This section is from the book "The Law Of Contracts", by William Herbert Page. Also available from Amazon: Commercial Contracts: A Practical Guide to Deals, Contracts, Agreements and Promises.
An attempt has been made in obiter to state the classes of acts or events which will operate as impossibility which will discharge the contract. It has been said that apart from impossibility due to the act of the adversary, which is a form of breach,1 operative impossibility consists of acts of God and acts of the law.2 This classification, however, is generally repudiated whenever it is sought to apply it. There are many forms of impossibility due to the act of God as distinguished from the act of man, which do not operate as a discharge.3 The attempt to carry the idea of the "act of God" over from the law of carriers, where the use of the term has some justification,4 has met with little support in the adjudicated cases. If the covenant is unconditional in terms, the fact that performance is prevented by an act of God does not of itself operate as a discharge.5 The fact that the act of God might have been foreseen by a reasonable man, has been regarded as sufficient in many cases to prevent it from acting as a discharge.6
9 See Sec. 2705 et seq.
1 See ch. LXXXIV.
2 United States v. Gleason, 175 U. S. 588, 44 L. ed. 284; Columbus Railway, Power & Light Co. v. Columbus, 249 U. S. 399, - L. ed. - [affirming, 253 Fed. 4991; Lima Locomotive & Machine Co. v. National Steel Castings Co., 155 Fed. 77, 11 L. R. A. (N.S.) 713; Toomey v. United States, 49 Ct. Cl. 172; Lakeman. v. Pollard, 43 Me. 463, 69 Am. Dec. 77; Zanello v. Smith & W. Iron Works, 62 Or. 213, 124 Pac. 660.
3 Berg v. Erickson, 234 Fed. 817, L. R. A. 1917A, 648; Cox v. Chase, 95 Kan. 531, L. R. A. 1915E, 590, 148 Pac 766.
See Sec. 2703 et seq.
4 See Sec. 2674.
5 Prather v. Latshaw, - Ind. -, 122 N. E. 721; Cox v. Chase, 95 Kan. 531, L. R. A. 1915E, 590, 148 Pac. 766; Run-yon v. Culver, 168 Ky. 45, L. R. A. 1916F, 3, 181 S. W. 640.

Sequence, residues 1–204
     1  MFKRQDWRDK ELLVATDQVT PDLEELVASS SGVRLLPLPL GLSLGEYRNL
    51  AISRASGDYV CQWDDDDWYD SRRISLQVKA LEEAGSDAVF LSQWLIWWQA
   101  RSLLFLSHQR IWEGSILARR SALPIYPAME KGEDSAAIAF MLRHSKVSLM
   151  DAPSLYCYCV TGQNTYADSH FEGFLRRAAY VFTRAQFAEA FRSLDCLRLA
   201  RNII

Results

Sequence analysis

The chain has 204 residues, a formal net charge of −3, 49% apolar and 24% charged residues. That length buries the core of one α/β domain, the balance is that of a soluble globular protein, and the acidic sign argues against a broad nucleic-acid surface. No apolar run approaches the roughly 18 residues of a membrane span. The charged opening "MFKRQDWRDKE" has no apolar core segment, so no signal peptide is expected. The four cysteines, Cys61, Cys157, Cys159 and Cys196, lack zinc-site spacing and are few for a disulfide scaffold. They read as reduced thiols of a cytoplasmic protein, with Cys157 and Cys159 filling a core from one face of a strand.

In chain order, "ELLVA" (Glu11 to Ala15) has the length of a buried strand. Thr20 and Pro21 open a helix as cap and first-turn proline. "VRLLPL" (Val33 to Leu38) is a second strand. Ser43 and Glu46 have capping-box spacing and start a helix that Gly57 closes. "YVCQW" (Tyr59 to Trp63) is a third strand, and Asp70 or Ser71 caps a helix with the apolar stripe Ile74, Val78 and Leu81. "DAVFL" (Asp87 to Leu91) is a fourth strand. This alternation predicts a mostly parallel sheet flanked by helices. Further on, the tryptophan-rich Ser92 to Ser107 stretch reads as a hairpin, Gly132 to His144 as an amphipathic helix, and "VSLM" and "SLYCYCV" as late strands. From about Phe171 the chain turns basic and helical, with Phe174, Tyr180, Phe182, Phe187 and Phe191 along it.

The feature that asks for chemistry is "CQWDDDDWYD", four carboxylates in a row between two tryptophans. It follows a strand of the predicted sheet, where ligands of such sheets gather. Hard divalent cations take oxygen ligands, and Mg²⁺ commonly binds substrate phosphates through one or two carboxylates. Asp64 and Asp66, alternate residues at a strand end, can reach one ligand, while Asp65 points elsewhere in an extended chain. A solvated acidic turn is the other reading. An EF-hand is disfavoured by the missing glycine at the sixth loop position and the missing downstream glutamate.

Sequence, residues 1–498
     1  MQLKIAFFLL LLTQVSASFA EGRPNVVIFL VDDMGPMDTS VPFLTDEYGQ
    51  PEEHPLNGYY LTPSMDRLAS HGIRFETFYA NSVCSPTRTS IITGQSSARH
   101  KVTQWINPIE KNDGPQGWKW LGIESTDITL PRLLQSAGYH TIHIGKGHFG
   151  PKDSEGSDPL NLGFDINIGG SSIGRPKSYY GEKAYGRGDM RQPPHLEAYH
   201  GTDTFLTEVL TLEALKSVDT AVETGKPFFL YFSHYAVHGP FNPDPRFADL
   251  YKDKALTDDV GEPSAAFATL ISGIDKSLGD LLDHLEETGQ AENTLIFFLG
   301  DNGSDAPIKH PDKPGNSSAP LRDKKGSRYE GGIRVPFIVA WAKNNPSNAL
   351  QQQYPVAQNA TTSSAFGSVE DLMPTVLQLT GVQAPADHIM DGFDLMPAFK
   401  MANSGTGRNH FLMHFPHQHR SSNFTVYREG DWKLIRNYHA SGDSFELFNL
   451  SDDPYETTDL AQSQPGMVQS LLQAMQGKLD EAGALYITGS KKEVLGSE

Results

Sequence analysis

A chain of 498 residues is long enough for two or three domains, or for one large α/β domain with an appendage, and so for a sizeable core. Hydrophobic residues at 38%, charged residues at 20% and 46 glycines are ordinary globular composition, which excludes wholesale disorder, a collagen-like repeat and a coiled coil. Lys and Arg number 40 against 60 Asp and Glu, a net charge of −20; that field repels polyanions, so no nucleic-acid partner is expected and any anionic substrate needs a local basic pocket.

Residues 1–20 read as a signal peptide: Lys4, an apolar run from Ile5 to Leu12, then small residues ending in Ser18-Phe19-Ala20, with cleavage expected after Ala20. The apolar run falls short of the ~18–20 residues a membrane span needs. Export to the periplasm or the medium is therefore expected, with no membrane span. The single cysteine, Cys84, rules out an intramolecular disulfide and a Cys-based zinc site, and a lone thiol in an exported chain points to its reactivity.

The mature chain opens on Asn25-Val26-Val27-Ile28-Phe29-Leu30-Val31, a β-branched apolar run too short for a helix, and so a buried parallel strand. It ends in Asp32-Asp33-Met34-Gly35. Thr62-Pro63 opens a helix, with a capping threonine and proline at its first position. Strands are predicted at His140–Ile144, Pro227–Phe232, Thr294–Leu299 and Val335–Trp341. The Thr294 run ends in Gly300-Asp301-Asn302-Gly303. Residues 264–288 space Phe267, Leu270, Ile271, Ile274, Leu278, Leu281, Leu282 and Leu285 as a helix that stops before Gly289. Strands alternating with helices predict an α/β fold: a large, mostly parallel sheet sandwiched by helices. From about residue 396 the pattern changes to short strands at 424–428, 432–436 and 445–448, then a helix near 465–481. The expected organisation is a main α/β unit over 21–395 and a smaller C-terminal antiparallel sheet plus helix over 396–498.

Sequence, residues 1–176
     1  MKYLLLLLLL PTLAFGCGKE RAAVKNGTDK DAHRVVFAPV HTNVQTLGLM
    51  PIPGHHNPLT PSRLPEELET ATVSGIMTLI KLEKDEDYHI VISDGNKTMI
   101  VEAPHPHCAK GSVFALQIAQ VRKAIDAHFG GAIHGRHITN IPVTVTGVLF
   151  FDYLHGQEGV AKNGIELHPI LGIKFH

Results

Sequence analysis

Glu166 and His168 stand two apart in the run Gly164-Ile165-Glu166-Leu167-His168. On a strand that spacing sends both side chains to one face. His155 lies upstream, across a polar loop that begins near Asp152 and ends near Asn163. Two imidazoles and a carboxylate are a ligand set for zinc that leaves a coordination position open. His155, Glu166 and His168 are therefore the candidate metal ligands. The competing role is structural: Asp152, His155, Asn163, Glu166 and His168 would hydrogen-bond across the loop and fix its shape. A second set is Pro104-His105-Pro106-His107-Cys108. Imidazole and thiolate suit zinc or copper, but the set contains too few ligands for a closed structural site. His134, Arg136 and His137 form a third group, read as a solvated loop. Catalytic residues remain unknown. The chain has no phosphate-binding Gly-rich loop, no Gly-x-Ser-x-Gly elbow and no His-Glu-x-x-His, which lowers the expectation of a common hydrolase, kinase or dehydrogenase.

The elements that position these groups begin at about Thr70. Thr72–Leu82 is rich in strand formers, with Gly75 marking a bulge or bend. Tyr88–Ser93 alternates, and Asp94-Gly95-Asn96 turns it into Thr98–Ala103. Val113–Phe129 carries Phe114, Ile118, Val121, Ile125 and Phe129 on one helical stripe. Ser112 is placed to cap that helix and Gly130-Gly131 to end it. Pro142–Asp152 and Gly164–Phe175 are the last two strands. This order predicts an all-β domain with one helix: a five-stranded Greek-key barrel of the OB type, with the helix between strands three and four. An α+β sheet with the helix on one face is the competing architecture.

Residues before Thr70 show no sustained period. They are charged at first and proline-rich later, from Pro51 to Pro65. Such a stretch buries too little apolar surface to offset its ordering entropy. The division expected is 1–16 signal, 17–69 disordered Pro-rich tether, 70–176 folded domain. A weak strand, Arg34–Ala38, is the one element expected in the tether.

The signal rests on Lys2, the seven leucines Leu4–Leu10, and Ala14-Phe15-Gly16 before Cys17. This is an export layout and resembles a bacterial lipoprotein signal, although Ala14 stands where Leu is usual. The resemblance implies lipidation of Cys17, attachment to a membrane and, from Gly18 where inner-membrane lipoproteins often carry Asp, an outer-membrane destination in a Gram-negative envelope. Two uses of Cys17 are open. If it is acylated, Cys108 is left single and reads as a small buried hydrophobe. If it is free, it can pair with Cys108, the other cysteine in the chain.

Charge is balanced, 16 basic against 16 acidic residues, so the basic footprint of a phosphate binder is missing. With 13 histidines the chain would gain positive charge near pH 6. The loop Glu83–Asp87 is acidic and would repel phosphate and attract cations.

6 See Sec. 2703 et seq.
Another attempt to classify impossibility has resulted in the following classification: (1) Where the impossibility is created by law. (2) Where the continued existence of something essential to the performance is an implied condition of the contract, and such thing has ceased to exist. (3) Where contracts are made for personal services which can not be performed by the assignee or a personal representative, and the person who has agreed to perform has died, or is prevented from performing by sickness, imprisonment and the like.7 This classification is substantially correct, as far as it goes, and the classes of impossibility there indicated are generally regarded as operative; but in many jurisdictions forms of operative impossibility are recognized which can not be brought under any of these classes except by a liberal use of fictions and by an artificial explanation of the meaning of the terms which are employed in defining such classes.8 In cases which arose out of the war of 1914 an attempt has been made, especially by the English courts, to add another class of cases to the existing classes of impossibility which had been recognized by the courts. The new class of cases consists of those in which there has been a frustration of the voyage or the venture which the parties had undertaken. The difficulties which arise from taking an idea which is essentially one of construction of the terms of the contract and of performance of the terms as thus construed, and of importing it into the doctrine of impossibility, the essence of which is that a combination of facts has arisen which the parties had not anticipated, has been discussed elsewhere.9 It may be added that the results of the attempt to work this idea into the general doctrine of impossibility have not been such as to indicate that this doctrine will aid in the development of the doctrine of impossibility of performance.
Whatever basis of classification may be adopted, it is clear that external facts are necessary to cause operative impossibility. The fact that performance is impracticable to the specific individual does not amount to impossibility.10 A contract to deliver goods is not discharged by the fact that the shipper is unable to obtain cars.11 A contract to pay money is not discharged by the fact that the specific promisor is unable to obtain the money with which to perform.12
7 Middlesex Water Co. v. Whiting Co., 64 N. J. L. 240, 81 Am. St. Rep. 467, 49 L. R. A 572, 45 Atl. 092.
8 See, Impossibility of Performance, as an Excuse for Breach of Contract, by Frederick C. Woodward, 1 Columbia Law Review 529; and, Intervening Impossibility of Performance as Affecting the Obligations of Contracts, by William J. Conlen, 66 University of Pennsylvania Law Review 28.
9 See Sec. 2675 and Sec. 2758 et seq.
10 American Towing & Lightering Co. v. Baker-Whiteley Coal Co., 117 Md. 660, 84 Atl. 182; Brown v. Ehlinger, 90 Wash. 585, 156 Pac. 544; Roberts v. American Column & Lumber Co., 76 W. Va. 290, 85 S. E. 535.